Glass Paint – How Long Can You Keep It For?

A good question from a colleague in Maryland, USA:

I am an experimental physicist in mid-career and very busy with work – so my time spent on stained glass and glass painting is very sporadic – it has been 8 or 10 months since my last project.

Is it OK to make the lump of paint (as you teach) and leave it for 6 months to a year?

Should it be tended to periodically over that time?

Will it “come back” and be usable after a very long time?

And the answers are …

1: Yes. 2: Not necessarily. And 3: Yes, indeed.

Now David is pestering me to get on with my painting, so I must fly.Stephen ByrneP.S. Oh I’m too thorough for my own good – those columns will have to wait a bit longer …

As always, we can only ever tell you straight what works for us. Now maybe it’ll all work the same for you. Or maybe you’ll need some fine-tuning. But if at least you know it’s possible – whatever “it” is – that will give you confidence you’re not stumbling in the dark. And you’ll then be able to figure out your own way.

Which is how we like to teach – because it’s best for you.

Here in the studio we often mix large quantities of paint. Say a good six ounces (170 g). Maybe more. Because it’s useful to have it ready for when we need it. See here our studio “tub” of tracing black and tracing red:

The studio tub of ready-to-go glass paint

The studio tub of ready-to-go glass paint

This tub contains paint we prepared at least six months ago (though I added more black in February). And we’ve “raided” it many, many times, so it’s much, much smaller than it was. (There’s maybe “just” enough paint for two more full-sized lumps – still a good amount – and then we’ll make another batch.)

You can see how the paint itself has fallen to the bottom but still remains sticky. And you can also see how the fallen paint has displaced the water to the surface which it keeps wet.

Now this is also important: just as David or I will help ourselves to a spoonful or two from time to time, and mix it in with the paint on our palette (which doesn’t take long at all), so we might also scrape our palette clean and mix it all in with the paint in the studio tub. Because that’s the best place for it if we don’t plan to use our lump again this week.

Does it need looking after? Not especially – that’s our experience. Obviously keep it cool. In summer we might sprinkle a few extra drops of water on the top. And of course it’s always sealed. In our case with a thick piece of heavy glass (which we wet with water so it dries and sticks):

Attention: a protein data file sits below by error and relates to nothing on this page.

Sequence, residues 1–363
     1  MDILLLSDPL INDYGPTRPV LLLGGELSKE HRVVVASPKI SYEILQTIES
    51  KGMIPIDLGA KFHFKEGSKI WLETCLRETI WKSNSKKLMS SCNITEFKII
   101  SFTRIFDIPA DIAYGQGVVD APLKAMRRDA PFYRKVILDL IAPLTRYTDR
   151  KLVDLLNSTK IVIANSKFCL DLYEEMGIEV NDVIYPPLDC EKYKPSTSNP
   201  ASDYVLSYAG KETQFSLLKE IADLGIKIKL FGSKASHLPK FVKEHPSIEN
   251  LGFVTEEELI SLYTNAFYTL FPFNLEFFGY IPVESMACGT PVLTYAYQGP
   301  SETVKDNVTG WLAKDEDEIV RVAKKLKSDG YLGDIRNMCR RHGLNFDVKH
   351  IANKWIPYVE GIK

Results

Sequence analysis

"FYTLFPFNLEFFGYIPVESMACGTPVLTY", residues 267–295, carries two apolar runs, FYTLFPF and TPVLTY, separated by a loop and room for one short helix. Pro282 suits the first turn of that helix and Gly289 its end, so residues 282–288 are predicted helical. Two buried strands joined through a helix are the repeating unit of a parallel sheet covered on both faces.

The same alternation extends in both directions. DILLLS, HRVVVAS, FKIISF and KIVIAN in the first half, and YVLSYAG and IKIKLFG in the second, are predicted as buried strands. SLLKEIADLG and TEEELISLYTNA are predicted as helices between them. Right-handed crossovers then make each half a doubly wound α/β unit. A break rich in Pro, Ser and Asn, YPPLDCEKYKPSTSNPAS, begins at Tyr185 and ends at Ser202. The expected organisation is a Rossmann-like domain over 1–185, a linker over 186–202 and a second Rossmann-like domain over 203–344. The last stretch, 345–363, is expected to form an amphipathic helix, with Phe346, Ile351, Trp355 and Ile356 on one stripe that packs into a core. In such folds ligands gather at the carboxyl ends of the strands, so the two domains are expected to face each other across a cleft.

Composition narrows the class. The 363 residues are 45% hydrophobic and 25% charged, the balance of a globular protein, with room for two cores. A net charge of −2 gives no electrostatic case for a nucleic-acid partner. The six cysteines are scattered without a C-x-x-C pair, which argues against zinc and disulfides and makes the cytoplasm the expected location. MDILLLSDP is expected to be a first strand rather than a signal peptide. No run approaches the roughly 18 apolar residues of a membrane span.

Just be sure to seal the tub

And yes I know we’d be better off with an airtight lunchbox but I guess that’s maybe a bit too modern for us!

One last point: we’re a busy, working studio, and the question came from a colleague who doesn’t get much time to paint, which is a very different situation, maybe more like yours.

And here’s what I’d suggest. Get yourself a medium-sized (airtight!) lunchbox. And prepare a larger lump than usual – say, twice the normal size. Keep half in the lunchbox. And spend whatever time you have, painting with the other half. When you’ve finished – and know you won’t be painting for some time – add it to the lunchbox where the quantity of paint will keep it all in a good condition.

I hope this all helps.

Now back to those columns …Stephen Byrne

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5 thoughts on “Glass Paint – How Long Can You Keep It For?

  1. Hello Stephen,

    Thank you again sharing your knowledge with us. I learned a good lesson from you and David about painting with a lump (not a teaspoonful) of paint. But to start with, I didn’t think how dusty my workplace was (dust from glass and also from old lead because I also do restoration). This was a good (hard) lesson for me because I had to start all over again. Now I always keep my lump covered under an old cup.

    Annemiek

  2. Hello Stephen, hello David,

    It is always good luck to open my mail box and find one of your posts.

    As for this one, it happened that I just starting to paint one of your e-books designs, but I had redrawn it to larger scale … I therefore needed to mix a large amount of tracing paint, so I went and mixed a full 2 ounces of black and bister brown like you suggested in your e-book. And it was a good thing I did so, because usually after doing some tracing, I find myself needing to mix more paint which sometimes doesn’t behave the same like the previous batch. And so I need to add more paint or more water etc. etc. to try and make it the same.

    But this time mixing a larger amount did help me to have the same grade of paint right through all my tracing. And also what’s leftover can be saved for later projects!

    So thanks again for your help. It really came in good time 🙂

    Hassan (in Kuwait City)

    • Hi Sue,

      Yes, very busy – I’ll write start again soon with lots of new and useful things. I hope all’s well with you.

      Best,
      Stephen

      P.S. I’m glad you miss hearing from me …